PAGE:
Physiological, Psychometric, and Performance Effects of the Christmas Break in Australian Football

Buchheit, M., Morgan, W., Wallace, J., Bode, M., Poulos, N.

The aim of this study was to assess the physiological, psychometric, and performance effects of a 2-week Christmas break in a professional Australian Football League club. Various measures were conducted before and after the break.

Results indicated a possible small increase in the sum of 7 skinfolds, while body mass and fat-free mass remained possible and likely unchanged, respectively. Sleep and stress scores remained likely to almost certainly unchanged, although there were small, possible to likely decreases in fatigue and soreness scores. Heart-rate (HR) and rating-of-perceived-exertion (RPE) responses to a 5-minute submaximal run were likely slightly lower (improved) after the break.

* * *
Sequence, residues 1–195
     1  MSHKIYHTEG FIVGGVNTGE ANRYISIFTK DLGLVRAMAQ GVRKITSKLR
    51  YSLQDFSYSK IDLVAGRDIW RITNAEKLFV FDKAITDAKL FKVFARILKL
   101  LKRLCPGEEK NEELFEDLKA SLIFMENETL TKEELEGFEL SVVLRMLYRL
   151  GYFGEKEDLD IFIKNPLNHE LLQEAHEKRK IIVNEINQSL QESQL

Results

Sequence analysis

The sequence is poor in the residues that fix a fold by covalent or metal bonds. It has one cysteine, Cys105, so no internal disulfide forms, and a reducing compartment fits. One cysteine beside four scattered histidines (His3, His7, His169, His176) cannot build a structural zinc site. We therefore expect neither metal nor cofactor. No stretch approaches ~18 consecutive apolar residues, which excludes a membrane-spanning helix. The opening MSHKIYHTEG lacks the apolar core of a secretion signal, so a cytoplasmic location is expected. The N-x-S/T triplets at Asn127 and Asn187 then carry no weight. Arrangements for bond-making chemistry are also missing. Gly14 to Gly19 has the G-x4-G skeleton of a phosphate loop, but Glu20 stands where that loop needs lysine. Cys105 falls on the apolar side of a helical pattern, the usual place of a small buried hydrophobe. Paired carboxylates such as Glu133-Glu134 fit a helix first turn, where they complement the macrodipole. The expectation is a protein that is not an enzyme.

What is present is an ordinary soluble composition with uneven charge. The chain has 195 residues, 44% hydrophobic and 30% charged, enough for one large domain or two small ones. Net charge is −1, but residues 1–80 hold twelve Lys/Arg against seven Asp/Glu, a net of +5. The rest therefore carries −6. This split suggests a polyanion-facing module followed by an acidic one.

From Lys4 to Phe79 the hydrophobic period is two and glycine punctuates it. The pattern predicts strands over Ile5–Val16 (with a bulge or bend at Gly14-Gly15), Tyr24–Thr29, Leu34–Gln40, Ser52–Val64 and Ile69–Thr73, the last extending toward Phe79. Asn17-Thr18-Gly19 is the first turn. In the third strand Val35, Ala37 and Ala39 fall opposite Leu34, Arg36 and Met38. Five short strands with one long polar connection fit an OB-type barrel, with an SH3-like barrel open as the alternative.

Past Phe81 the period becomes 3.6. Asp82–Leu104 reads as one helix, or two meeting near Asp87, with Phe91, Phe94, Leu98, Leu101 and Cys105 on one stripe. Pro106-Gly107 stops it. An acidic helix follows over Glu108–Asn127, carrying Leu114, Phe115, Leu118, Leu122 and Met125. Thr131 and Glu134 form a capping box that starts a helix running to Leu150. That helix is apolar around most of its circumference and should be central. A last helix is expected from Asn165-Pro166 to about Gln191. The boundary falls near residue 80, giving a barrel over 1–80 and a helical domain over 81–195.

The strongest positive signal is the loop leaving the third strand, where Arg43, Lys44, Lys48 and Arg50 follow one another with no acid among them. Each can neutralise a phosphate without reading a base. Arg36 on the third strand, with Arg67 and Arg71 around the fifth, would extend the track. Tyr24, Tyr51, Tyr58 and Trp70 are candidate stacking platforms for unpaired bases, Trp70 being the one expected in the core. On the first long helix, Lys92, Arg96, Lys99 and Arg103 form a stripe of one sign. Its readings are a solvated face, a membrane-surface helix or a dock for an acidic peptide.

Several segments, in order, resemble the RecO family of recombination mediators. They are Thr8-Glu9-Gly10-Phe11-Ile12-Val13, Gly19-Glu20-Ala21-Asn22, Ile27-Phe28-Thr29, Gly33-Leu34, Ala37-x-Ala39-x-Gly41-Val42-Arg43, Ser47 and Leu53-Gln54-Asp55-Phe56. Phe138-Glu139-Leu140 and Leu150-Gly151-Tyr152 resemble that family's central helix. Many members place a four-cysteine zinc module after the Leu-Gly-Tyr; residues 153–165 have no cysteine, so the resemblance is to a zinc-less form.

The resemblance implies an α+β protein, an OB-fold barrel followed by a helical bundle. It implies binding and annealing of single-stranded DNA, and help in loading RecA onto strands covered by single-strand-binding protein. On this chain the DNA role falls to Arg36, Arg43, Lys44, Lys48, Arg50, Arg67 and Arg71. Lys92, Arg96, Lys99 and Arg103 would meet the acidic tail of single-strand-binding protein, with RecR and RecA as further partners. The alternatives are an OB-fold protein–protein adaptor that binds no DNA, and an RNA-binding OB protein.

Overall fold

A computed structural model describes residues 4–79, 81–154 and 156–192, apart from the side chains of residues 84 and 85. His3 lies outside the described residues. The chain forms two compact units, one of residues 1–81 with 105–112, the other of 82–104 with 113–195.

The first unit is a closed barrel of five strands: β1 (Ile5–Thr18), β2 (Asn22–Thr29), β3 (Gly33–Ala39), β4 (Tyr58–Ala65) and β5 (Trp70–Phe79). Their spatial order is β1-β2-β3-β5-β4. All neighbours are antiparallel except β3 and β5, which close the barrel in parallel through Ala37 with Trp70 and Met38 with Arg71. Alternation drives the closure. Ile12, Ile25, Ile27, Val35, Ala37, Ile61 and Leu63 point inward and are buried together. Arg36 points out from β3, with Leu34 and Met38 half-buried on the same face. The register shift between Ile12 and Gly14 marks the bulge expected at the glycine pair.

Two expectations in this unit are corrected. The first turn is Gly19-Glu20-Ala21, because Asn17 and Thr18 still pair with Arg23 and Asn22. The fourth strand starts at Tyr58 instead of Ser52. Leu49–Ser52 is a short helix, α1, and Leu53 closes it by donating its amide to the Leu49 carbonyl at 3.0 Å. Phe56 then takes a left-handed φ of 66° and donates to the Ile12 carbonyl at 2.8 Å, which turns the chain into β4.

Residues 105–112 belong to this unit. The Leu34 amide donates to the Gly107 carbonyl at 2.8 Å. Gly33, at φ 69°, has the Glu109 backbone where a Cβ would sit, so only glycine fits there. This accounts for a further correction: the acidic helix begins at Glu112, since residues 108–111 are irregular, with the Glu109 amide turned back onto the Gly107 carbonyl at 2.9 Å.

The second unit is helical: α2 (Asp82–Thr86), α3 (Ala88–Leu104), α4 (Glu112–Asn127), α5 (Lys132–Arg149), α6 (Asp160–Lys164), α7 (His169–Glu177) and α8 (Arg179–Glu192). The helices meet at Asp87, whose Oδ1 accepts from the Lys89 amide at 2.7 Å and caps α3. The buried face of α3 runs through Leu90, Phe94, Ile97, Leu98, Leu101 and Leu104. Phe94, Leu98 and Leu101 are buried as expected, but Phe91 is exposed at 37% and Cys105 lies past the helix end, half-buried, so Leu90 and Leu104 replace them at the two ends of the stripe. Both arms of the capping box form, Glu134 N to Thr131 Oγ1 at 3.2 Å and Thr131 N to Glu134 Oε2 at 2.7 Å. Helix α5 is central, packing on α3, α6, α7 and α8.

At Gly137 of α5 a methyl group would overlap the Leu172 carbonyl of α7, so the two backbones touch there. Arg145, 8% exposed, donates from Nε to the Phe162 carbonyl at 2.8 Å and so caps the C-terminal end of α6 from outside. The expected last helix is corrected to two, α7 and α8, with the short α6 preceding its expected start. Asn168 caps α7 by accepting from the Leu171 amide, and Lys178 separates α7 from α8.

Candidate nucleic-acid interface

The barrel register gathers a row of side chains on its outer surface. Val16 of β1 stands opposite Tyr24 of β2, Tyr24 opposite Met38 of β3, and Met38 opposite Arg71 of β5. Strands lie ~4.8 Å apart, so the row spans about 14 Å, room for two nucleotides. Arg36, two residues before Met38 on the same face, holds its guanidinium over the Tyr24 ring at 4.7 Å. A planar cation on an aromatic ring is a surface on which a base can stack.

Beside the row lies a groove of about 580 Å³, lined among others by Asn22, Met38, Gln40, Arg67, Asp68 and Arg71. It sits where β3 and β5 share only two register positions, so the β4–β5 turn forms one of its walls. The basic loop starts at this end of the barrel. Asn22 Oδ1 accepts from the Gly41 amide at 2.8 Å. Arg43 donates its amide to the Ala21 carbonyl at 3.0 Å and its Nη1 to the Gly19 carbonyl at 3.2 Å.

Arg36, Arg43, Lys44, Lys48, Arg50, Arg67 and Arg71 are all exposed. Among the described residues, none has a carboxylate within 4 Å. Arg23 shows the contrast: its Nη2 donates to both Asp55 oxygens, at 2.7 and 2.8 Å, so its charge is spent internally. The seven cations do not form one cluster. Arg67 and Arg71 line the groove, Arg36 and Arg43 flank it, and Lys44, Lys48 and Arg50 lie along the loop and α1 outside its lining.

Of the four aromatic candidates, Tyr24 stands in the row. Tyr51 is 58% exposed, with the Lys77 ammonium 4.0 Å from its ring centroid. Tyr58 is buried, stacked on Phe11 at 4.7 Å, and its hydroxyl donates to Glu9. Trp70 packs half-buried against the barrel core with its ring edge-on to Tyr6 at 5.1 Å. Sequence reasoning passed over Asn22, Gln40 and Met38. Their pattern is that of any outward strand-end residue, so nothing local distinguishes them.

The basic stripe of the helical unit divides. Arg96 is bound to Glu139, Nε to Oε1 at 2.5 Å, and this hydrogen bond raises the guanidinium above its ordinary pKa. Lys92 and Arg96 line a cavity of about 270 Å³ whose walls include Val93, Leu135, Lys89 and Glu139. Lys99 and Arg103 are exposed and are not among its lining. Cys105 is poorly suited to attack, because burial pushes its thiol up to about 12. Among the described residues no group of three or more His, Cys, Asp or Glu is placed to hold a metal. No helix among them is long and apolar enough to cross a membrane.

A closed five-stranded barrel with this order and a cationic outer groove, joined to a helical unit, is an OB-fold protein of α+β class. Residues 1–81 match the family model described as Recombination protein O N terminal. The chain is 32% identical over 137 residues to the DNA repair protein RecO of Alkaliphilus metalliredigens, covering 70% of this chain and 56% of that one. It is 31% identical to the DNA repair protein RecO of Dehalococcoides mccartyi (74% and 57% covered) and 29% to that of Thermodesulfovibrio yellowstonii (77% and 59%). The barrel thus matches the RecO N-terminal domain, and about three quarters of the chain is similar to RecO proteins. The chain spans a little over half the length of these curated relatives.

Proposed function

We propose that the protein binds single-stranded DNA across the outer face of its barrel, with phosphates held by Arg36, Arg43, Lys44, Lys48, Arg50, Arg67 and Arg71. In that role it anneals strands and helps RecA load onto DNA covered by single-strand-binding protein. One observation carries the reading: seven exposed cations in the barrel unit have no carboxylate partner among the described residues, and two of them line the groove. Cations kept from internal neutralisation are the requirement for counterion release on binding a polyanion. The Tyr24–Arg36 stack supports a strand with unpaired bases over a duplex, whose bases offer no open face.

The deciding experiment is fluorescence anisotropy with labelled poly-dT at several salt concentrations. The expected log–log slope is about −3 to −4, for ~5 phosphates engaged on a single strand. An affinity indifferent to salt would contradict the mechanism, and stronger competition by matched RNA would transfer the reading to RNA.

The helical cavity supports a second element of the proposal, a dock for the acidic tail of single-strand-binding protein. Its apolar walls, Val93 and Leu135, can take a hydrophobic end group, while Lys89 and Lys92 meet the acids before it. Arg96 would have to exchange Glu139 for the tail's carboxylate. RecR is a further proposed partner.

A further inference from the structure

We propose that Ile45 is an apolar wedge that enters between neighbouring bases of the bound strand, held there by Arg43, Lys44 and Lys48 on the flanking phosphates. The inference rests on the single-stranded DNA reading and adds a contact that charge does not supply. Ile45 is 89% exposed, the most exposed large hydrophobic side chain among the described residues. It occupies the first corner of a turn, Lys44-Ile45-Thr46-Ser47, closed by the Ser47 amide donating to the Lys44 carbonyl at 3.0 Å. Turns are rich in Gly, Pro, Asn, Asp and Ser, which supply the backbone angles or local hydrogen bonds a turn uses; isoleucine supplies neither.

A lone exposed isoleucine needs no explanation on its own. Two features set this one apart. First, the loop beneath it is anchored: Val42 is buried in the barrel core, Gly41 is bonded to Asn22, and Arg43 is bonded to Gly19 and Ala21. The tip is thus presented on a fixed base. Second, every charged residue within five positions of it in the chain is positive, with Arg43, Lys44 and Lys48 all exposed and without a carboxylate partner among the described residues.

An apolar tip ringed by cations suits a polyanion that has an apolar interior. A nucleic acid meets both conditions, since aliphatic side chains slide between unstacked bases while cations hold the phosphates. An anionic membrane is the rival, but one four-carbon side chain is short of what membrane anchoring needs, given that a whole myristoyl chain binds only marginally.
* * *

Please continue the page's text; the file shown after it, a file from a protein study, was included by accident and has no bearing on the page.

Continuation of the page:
During standardized handball games, high-intensity running and acceleration distance were very likely slightly greater post-break, while HR and RPE responses were possibly to very likely unchanged. HR responses to a high-intensity training session remained very likely unchanged. Additionally, there was a likely small increase in isometric midthigh pull (IMTP) peak force, but likely to very likely no change in countermovement jump (CMJ) variables.

In conclusion, the findings suggest that players returned from a 2-week break during preseason well-recovered, with preserved to improved levels of strength and cardiorespiratory fitness, despite small increases in skinfold thickness.

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